University: A Guide to Insurance for Students

Insurance is something I feel quite strongly about. Having experience in the industry meant I’ve heard plenty of claims stories. Obviously I can’t divulge, however I will say I will now NEVER even go for a short car journey without a seatbelt and I’m VERY careful walking to/from the top deck on buses. Student contents insurance is also very important to me. Whilst I’ve not actually had anything important go missing, I know friends who have had houses broken into – and probably most beneficial for me is the accidental damage cover.

 photo 752aab2f-38b8-48ec-b1a4-4ea766f2f691_zpsa76d96f2.jpgBobatoo have asked me to put together a post based on their guide to student contents insurance – they provide a lot of basic info guides so I highly recommend having a quick glance at their site.


Put simply, student contents insurance covers the bits and pieces you bring to university against loss, theft or damage. Thanks to the joys of a long distance relationship I travel a lot on trains, so I always make sure my policy covers loss/theft of suitcases whilst travelling too.
 photo 7f9e136d-c3d9-424d-876b-e6b678580cc6_zpsc8bea2dc.jpg


Because unfortunately loss, theft and damage does happen. This might be accidentally dropping water over your laptop, smashing your phone into a puddle (guilty), or even if your university halls catch fire (true story – it happened at my university whilst I was away on placement). I know people who have claimed after all their food and kitchen equipment disappeared from their kitchen. I know ground floor rooms have bee emptied when the occupier nips to the toilet. I myself have had vouchers taken from my post.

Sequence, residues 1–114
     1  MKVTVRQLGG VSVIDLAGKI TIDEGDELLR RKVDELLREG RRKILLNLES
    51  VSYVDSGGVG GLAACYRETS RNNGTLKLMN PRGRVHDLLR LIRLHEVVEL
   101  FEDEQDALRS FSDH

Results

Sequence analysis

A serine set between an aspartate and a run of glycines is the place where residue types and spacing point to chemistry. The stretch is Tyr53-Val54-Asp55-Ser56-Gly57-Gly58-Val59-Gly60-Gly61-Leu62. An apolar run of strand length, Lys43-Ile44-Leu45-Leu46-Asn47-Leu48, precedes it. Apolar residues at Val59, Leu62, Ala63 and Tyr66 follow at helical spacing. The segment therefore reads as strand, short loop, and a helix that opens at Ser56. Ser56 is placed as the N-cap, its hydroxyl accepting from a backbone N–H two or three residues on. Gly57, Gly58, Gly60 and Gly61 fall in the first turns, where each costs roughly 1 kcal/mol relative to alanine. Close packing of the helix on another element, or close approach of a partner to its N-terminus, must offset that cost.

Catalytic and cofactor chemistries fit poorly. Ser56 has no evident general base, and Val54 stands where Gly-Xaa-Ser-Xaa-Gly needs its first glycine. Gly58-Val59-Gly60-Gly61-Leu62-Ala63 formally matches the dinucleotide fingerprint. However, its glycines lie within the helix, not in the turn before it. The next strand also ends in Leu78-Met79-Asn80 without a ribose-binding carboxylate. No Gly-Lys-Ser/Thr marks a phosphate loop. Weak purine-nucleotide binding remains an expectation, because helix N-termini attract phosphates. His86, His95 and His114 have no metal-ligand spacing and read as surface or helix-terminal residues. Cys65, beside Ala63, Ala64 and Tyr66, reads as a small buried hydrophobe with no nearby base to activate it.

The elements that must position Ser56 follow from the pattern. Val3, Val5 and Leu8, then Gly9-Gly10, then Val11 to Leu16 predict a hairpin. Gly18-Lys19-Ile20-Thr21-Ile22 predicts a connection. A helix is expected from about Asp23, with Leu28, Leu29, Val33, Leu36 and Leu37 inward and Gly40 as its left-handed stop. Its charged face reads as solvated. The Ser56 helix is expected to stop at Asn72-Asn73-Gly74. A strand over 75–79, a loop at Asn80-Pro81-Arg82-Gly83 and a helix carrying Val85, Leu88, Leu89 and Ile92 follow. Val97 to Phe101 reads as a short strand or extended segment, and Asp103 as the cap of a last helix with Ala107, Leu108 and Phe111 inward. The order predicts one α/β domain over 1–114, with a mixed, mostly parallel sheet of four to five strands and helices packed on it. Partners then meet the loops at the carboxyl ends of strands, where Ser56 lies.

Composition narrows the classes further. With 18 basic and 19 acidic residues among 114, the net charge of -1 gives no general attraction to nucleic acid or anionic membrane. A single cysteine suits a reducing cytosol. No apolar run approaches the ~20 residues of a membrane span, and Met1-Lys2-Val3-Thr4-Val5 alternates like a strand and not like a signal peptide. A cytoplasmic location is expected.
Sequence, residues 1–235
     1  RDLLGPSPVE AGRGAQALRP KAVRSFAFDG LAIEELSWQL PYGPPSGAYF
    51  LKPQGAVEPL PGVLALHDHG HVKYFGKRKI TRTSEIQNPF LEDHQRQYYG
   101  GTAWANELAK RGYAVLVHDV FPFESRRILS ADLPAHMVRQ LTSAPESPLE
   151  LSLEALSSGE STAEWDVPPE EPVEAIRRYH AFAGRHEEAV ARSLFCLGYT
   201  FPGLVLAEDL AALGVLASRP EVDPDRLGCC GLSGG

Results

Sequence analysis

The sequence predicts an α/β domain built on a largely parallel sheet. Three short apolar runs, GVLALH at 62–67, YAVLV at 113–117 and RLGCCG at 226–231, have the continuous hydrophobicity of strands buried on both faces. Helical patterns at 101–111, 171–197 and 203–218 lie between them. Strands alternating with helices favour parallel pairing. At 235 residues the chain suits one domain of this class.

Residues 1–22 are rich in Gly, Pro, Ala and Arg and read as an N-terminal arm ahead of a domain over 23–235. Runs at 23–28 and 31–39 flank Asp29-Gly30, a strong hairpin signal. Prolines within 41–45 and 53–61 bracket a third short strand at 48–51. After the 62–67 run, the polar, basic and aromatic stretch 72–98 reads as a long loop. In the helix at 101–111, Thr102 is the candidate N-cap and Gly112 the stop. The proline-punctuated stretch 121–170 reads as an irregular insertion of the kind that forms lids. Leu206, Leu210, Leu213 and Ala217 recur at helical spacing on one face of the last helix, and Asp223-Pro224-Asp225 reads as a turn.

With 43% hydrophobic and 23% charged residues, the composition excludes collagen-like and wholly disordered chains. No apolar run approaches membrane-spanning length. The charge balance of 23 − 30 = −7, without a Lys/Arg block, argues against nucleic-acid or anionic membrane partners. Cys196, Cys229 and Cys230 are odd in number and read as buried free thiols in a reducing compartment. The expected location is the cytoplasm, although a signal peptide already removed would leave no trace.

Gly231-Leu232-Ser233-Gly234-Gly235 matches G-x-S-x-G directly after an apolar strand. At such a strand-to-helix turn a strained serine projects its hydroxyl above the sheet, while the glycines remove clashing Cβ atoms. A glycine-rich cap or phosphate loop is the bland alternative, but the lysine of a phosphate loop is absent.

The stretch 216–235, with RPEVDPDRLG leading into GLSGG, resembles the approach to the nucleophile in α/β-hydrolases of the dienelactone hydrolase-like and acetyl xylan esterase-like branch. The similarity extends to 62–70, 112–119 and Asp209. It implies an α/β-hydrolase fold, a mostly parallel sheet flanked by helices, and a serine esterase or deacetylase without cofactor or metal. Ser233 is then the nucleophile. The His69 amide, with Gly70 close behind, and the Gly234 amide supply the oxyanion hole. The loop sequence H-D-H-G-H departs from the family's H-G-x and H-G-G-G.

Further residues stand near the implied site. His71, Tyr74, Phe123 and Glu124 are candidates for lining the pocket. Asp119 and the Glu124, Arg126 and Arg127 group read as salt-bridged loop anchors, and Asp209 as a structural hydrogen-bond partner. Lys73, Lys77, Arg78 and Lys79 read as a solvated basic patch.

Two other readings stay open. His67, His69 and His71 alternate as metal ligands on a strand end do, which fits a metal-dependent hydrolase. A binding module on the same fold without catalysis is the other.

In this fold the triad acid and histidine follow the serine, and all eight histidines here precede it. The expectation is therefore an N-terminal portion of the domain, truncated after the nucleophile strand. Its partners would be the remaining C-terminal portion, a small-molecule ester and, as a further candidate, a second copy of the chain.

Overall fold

There’s a couple of options regarding how to insurance your stuff. The easiest is to see if your parents can extend their policy to cover an additional address. The ‘cross your fingers’ approach is to just go with the insurance provided by your accommodation – which is likely to be limited to only pay out when things like a fire cause damage, and possibly only covers a small amount. This option is definitely not sensible when you are living in privately rented houses! However in a private house it may be possible to chip in with friends and get a whole house polices. However in my opinion the best way is to get specialist student contents insurance. This is more likely to cover all possible eventualities, and you’ll virtually definitely get the cover you need.


  • Check everything is covered. I’ve found I have to insure my camera as a separate gadet so it’s covered when I take it out and about.
  • If you’re privately renting its often worth adding in accidental damage cover – it may help protect your deposit if something does happen.
  • Double check the policy limit and excess, to make sure you know exactly what’s covered and what you need to pay.

 photo 2015-10-07 16.39.29_zpsrx2kogfr.jpg

*Sponsored post, all opinions are my own. Make sure to check out Bobatoo’s guide to student contents insurance!

Do/did you have student contents insurance? Did you ever have to use it?